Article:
“The most common way people give up their power is by thinking they don’t have any.” – Alice Walker
Many women in America are living in poverty, which forces them to rely on social support systems to survive. The goal of the National Women’s Council is to assist women by educating and empowering them to progress economically, ultimately leading to economic independence. NWC advocates for women so that they can be assured that resources are distributed evenly.
Women are often times the head of a single parent household, which means they are also solely responsible for providing for their children as well. Many children around the nation rely on their mothers to provide for them; by empowering mothers, the future generations can be positively impacted as well. According to the Kauffman foundation 50 percent of all women are Entrepreneurs. Entrepreneurship strengthens the U.S. Economy and provides potential for economic independence. The National Women’s Council provides information and resources to empower women through opportunities for entrepreneurship and financial literacy.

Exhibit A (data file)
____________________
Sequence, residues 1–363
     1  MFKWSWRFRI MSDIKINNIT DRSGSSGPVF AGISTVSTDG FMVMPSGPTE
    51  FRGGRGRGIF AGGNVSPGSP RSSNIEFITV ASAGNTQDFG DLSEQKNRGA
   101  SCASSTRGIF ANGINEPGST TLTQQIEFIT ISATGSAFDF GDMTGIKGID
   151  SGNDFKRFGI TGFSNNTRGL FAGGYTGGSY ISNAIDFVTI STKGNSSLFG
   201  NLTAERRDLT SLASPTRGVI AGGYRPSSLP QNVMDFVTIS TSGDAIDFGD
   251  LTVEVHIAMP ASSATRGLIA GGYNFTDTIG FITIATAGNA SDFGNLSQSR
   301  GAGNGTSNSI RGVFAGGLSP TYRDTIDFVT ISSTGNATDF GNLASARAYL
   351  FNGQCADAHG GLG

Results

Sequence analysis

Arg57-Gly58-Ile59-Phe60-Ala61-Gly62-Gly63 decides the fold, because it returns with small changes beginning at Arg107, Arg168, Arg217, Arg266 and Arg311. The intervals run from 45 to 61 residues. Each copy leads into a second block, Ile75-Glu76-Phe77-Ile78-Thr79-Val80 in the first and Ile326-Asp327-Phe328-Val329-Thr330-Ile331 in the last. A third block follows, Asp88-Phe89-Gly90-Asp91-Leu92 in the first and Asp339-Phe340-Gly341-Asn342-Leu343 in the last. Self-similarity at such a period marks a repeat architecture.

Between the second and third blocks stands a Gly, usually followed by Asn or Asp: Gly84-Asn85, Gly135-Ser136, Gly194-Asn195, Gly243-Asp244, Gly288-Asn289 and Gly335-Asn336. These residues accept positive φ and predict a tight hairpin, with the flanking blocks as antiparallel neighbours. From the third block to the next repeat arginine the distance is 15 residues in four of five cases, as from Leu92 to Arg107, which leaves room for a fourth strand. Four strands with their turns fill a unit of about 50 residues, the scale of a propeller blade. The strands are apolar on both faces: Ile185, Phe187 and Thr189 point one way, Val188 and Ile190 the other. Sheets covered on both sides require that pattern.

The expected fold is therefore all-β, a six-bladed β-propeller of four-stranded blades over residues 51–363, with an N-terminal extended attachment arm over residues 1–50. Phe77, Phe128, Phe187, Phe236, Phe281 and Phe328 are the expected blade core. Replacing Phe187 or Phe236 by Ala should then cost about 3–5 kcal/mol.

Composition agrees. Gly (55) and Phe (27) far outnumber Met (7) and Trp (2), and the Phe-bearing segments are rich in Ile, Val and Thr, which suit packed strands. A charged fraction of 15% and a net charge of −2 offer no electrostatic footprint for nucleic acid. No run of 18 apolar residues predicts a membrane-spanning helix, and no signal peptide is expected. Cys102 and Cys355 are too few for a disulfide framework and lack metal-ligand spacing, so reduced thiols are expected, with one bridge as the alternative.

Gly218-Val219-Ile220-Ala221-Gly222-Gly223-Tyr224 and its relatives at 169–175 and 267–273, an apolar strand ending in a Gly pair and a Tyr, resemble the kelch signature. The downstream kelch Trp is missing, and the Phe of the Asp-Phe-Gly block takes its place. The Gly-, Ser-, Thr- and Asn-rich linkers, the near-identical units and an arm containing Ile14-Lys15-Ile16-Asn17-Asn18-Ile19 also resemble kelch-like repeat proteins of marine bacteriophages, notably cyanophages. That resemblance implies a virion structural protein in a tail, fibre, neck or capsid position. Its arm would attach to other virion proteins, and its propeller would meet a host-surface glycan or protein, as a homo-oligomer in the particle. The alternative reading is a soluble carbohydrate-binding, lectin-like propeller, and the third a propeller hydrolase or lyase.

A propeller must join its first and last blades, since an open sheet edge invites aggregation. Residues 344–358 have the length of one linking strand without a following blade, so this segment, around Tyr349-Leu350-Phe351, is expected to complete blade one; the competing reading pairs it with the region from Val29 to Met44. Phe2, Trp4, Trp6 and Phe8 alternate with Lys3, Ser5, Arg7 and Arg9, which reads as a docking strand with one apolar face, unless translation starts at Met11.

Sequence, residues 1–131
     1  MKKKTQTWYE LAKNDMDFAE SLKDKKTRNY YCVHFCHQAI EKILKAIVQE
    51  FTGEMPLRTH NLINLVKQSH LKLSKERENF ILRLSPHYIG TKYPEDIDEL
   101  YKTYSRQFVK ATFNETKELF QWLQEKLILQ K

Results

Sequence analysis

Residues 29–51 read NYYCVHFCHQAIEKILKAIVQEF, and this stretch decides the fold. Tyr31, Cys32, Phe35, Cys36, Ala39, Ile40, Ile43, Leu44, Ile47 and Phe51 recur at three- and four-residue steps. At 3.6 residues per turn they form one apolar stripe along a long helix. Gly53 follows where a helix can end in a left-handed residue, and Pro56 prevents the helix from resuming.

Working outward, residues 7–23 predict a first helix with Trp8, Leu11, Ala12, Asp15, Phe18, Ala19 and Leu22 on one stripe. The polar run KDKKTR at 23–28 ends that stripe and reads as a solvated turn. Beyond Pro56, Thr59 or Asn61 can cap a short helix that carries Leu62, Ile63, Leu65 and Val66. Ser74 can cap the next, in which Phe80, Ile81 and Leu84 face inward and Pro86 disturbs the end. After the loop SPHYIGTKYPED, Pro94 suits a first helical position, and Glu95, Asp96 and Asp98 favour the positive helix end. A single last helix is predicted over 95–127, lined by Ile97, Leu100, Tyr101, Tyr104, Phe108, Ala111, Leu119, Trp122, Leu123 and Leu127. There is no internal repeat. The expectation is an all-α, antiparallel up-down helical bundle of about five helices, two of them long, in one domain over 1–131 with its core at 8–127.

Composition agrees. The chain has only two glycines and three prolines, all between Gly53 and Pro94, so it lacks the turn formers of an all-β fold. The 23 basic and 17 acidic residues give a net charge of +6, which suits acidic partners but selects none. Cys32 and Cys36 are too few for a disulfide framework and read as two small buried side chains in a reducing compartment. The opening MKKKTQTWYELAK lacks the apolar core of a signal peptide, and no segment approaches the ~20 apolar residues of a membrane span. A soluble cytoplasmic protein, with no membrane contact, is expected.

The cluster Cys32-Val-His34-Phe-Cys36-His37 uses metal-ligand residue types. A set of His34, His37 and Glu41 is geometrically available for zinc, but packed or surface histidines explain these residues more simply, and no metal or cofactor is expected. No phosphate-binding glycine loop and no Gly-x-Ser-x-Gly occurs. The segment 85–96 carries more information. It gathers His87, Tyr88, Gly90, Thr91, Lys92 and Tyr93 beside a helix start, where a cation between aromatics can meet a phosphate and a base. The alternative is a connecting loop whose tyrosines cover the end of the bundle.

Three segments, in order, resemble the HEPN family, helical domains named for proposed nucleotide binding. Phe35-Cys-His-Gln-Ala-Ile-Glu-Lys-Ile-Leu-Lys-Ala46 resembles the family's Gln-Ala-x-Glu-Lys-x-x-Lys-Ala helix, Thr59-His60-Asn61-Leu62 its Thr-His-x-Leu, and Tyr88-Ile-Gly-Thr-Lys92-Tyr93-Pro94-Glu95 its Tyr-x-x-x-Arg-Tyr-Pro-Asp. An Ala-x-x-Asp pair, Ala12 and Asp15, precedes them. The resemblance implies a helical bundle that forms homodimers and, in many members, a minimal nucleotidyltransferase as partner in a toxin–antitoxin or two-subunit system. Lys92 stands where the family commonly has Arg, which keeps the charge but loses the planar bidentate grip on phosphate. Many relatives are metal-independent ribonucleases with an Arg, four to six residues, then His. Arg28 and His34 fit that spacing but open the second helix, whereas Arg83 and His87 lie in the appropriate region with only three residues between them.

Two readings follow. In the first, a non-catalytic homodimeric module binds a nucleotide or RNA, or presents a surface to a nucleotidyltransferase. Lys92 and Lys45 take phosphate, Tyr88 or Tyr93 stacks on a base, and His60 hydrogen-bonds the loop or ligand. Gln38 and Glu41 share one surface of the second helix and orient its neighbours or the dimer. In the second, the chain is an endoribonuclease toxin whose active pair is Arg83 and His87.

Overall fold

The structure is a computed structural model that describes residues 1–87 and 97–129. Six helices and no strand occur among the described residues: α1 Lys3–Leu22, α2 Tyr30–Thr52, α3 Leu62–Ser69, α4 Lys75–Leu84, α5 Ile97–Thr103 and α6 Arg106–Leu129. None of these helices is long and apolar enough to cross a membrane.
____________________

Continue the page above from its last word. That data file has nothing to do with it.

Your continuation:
- “Poverty rates are highest for families headed by single women, particularly if they are black or Hispanic. In 2009, 29.9 percent of households headed by single women were poor” (http://www.npc.umich.edu/poverty/)
- “From 1992 to 2002, the number of adult women participating in WIC increased by 48 percent” (http://mchb.hrsa.gov/whusa04/pages/ch1.htm)
- “The Federal Food Stamp Program helps low-income individuals to purchase food; in 2002, 69 percent of all adult Food Stamp participants were women.” (http://mchb.hrsa.gov/whusa04/pages/ch1.htm)
- “The poverty rate for all women 18 years and older in 2002 was 12.3 percent (13.5 million women).” (http://mchb.hrsa.gov/whusa04/pages/ch1.htm)